15. Changes in autophagy, proteasome activity and metabolism to determine a specific signature for acute and chronic senescent mesenchymal stromal cells.

    PubMed

    Capasso, Stefania; Alessio, Nicola; Squillaro, Tiziana; Di Bernardo, Giovanni; Melone, Mariarosa A; Cipollaro, Marilena; Peluso, Gianfranco; Galderisi, Umberto

    2015-11-24

    A sharp definition of what a senescent cell is still lacking since we do not have in depth understanding of mechanisms that induce cellular senescence. In addition, senescent cells are heterogeneous, in that not all of them express the same genes and present the same phenotype. To further clarify the classification of senescent cells, hints may be derived by the study of cellular metabolism, autophagy and proteasome activity. In this scenario, we decided to study these biological features in senescence of Mesenchymal Stromal Cells (MSC). These cells contain a subpopulation of stem cells that are able to differentiate in mesodermal derivatives (adipocytes, chondrocytes, osteocytes). In addition, they can also contribute to the homeostatic maintenance of many organs, hence, their senescence could be very deleterious for human body functions. We induced MSC senescence by oxidative stress, doxorubicin treatment, X-ray irradiation and replicative exhaustion. The first three are considered inducers of acute senescence while extensive proliferation triggers replicative senescence also named as chronic senescence. In all conditions, but replicative and high IR dose senescence, we detected a reduction of the autophagic flux, while proteasome activity was impaired in peroxide-treated and irradiated cells. Differences were observed also in metabolic status. In general, all senescent cells evidenced metabolic inflexibility and prefer to use glucose as energy fuel. Irradiated cells with low dose of X-ray and replicative senescent cells show a residual capacity to use fatty acids and glutamine as alternative fuels, respectively. Our study may be useful to discriminate among different senescent phenotypes. PMID:26540573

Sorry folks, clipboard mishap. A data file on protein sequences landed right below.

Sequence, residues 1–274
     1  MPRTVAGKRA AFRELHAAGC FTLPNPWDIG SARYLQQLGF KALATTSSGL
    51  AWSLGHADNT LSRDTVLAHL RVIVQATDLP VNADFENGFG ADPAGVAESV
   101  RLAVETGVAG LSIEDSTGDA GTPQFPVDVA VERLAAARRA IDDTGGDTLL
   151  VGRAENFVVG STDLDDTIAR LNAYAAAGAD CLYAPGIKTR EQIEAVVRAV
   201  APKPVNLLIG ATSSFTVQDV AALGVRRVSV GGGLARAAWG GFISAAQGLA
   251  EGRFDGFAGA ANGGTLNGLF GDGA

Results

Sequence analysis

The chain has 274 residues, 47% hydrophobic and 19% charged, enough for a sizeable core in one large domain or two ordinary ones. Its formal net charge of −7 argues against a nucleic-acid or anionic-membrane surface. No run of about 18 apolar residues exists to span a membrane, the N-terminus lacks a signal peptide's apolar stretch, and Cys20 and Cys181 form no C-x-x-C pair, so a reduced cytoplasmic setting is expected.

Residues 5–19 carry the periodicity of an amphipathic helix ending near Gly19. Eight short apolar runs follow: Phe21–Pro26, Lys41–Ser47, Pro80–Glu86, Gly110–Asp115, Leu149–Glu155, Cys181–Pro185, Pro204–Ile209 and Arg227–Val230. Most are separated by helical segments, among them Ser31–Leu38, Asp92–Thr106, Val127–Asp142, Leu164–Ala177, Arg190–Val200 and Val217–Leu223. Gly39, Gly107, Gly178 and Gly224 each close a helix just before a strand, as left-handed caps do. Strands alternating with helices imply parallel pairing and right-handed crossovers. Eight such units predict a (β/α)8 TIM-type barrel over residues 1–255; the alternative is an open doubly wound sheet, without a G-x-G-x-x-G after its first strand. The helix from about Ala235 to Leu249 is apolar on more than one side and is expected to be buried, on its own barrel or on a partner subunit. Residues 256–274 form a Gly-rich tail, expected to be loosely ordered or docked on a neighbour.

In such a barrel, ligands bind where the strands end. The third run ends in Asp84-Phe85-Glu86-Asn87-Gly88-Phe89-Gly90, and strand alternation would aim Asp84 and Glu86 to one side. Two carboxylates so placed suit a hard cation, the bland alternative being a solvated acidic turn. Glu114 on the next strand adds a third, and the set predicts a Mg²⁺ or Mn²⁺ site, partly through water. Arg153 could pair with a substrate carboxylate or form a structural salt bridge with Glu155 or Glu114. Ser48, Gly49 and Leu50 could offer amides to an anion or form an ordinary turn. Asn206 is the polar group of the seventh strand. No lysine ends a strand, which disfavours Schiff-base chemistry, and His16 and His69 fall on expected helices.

16. NF-κB inhibition delays DNA damage-induced senescence and aging in mice.

    PubMed

    Tilstra, Jeremy S; Robinson, Andria R; Wang, Jin; Gregg, Siobhán Q; Clauson, Cheryl L; Reay, Daniel P; Nasto, Luigi A; St Croix, Claudette M; Usas, Arvydas; Vo, Nam; Huard, Johnny; Clemens, Paula R; Stolz, Donna B; Guttridge, Denis C; Watkins, Simon C; Garinis, George A; Wang, Yinsheng; Niedernhofer, Laura J; Robbins, Paul D

    2012-07-01

    The accumulation of cellular damage, including DNA damage, is thought to contribute to aging-related degenerative changes, but how damage drives aging is unknown. XFE progeroid syndrome is a disease of accelerated aging caused by a defect in DNA repair. NF-κB, a transcription factor activated by cellular damage and stress, has increased activity with aging and aging-related chronic diseases. To determine whether NF-κB drives aging in response to the accumulation of spontaneous, endogenous DNA damage, we measured the activation of NF-κB in WT and progeroid model mice. As both WT and progeroid mice aged, NF-κB was activated stochastically in a variety of cell types. Genetic depletion of one allele of the p65 subunit of NF-κB or treatment with a pharmacological inhibitor of the NF-κB-activating kinase, IKK, delayed the age-related symptoms and pathologies of progeroid mice. Additionally, inhibition of NF-κB reduced oxidative DNA damage and stress and delayed cellular senescence. These results indicate that the mechanism by which DNA damage drives aging is due in part to NF-κB activation. IKK/NF-κB inhibitors are sufficient to attenuate this damage and could provide clinical benefit for degenerative changes associated with accelerated aging disorders and normal aging. PMID:22706308

  17. GENES ASSOCIATED WITH OPENING AND SENESCENCE OF MIRABILIS JALAPA FLOWERS

    Technology Transfer Automated Retrieval System (TEKTRAN)